It is well known that the West is suffering a chronic and worsening engineering skills crisis. In the UK particularly, this is a major problem with the construction of new nuclear powered generation of between five and ten power stations being central to the government’s ‘green’ energy strategy of cutting CO2 emissions by 60% over the next forty years.

Whilst the West generally struggles, it is important to mention that France is a big exception to the rule – it has one of the largest nuclear power capabilities in the world owing to its ownership of a large proportion of the companies that own new-build power plants. Nuclear power has always been a key technology to France, and a very large percentage of its power is generated that way. This being so it is the only one of the Western countries not to be hit by the skills crisis.


British Energy’s 1150 MW Heysham 1 plant, due to be decommmissioned in 2014

Back in the UK, The Royal Academy of Engineering painted the picture starkly in its report last year: the number of Brits choosing engineering degrees is falling sharply and only half of those graduates actually enter the profession. But on an international level it’s a different story: for example in China the number of engineers with postgraduate degrees is ‘soaring’, according to a 2006 study from the US National Academy of Engineering.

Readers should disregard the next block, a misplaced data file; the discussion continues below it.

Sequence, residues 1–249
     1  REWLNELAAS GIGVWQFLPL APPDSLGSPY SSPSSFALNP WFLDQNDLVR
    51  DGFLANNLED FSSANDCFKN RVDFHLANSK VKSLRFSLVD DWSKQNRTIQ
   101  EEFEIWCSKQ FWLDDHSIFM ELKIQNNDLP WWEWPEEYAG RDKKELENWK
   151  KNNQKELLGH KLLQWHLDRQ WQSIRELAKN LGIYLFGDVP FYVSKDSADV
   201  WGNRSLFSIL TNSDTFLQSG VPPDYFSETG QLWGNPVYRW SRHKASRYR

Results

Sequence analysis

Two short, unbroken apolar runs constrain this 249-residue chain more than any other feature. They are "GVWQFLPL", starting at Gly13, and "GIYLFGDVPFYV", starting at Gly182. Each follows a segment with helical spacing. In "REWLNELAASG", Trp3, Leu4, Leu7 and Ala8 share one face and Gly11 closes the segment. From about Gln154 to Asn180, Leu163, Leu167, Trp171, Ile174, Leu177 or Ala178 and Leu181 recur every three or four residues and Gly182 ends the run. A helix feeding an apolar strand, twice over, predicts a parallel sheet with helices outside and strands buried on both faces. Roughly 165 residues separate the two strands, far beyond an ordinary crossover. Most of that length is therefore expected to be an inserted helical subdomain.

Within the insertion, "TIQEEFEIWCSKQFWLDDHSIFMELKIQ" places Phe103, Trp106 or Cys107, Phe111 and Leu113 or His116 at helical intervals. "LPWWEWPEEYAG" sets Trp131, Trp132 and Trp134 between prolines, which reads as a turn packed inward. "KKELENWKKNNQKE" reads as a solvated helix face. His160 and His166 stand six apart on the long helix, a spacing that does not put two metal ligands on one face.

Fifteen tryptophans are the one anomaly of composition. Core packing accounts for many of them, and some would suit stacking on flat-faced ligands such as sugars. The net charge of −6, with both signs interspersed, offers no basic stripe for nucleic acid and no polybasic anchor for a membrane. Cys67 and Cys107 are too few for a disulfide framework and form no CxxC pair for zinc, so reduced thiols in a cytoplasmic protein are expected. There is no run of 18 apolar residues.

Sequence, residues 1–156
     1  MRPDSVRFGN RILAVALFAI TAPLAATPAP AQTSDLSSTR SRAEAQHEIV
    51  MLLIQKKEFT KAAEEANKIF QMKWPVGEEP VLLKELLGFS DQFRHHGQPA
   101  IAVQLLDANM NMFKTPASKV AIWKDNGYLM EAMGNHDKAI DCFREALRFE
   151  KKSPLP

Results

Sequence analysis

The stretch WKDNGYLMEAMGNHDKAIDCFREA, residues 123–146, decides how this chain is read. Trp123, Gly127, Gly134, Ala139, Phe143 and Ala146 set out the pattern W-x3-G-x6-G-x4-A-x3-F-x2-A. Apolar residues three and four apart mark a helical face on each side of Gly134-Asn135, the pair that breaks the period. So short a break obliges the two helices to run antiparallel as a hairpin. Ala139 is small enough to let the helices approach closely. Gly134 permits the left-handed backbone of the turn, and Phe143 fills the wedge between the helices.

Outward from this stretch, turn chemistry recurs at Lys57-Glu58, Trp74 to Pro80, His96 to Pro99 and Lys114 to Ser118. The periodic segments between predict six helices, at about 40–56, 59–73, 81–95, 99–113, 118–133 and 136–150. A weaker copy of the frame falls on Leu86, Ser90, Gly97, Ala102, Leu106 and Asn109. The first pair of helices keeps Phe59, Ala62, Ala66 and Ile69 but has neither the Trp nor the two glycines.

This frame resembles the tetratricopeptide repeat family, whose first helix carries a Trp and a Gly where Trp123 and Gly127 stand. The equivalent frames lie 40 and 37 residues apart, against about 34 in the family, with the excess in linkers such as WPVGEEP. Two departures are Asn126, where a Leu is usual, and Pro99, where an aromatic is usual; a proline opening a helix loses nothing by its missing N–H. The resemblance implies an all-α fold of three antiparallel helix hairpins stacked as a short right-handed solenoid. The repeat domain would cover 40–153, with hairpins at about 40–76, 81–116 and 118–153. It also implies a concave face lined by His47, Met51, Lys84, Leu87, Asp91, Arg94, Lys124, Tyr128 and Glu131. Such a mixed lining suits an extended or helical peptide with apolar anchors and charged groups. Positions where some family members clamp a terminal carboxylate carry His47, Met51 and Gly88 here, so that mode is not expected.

British businesses are understandably looking to India, China, and South Africa to beat the indigenous skills shortage, with 48% recruiting from overseas in the last 12 months alone. These initiatives should be applauded, not criticised, as bringing talented people from India and China to the UK will only enhance competitiveness.

However, when it comes to nuclear engineering, transferring skills from abroad is not so easy. In this politically sensitive industry, security of knowledge is imperative and any weak points in a country’s nuclear strategy must remain confidential at all times. The industry must be very vigilant and protect sensitive information. It follows that screening tests of international nuclear engineers are intensive, and where possible, home nationals are preferred. With mobility of skills between countries such an issue, the UK must do all it can to decrease the skills gap it faces without relying on skills from abroad.


Welder at work at Britsh Energy’s Dungeness B plant

The legacy of Chernobyl

The skills gap first became apparent back in the 1980s, when nuclear power became a major target for environmental campaigners, and as its economic future was called into question, the industry lost much of its appeal as a career choice. The haunting pictures from Chernobyl became defining images of the era. In the nineties, nuclear power was privatised in the UK, and its long-term future appeared to be in serious doubt. Vocational training schemes began to close down in the early part of the decade. As the supply of new graduates dried up, the remaining nuclear workforce aged. Across the nuclear industry, senior people are now on the verge of retirement – just at the point when a nuclear renaissance is on the horizon, and their skills are most needed.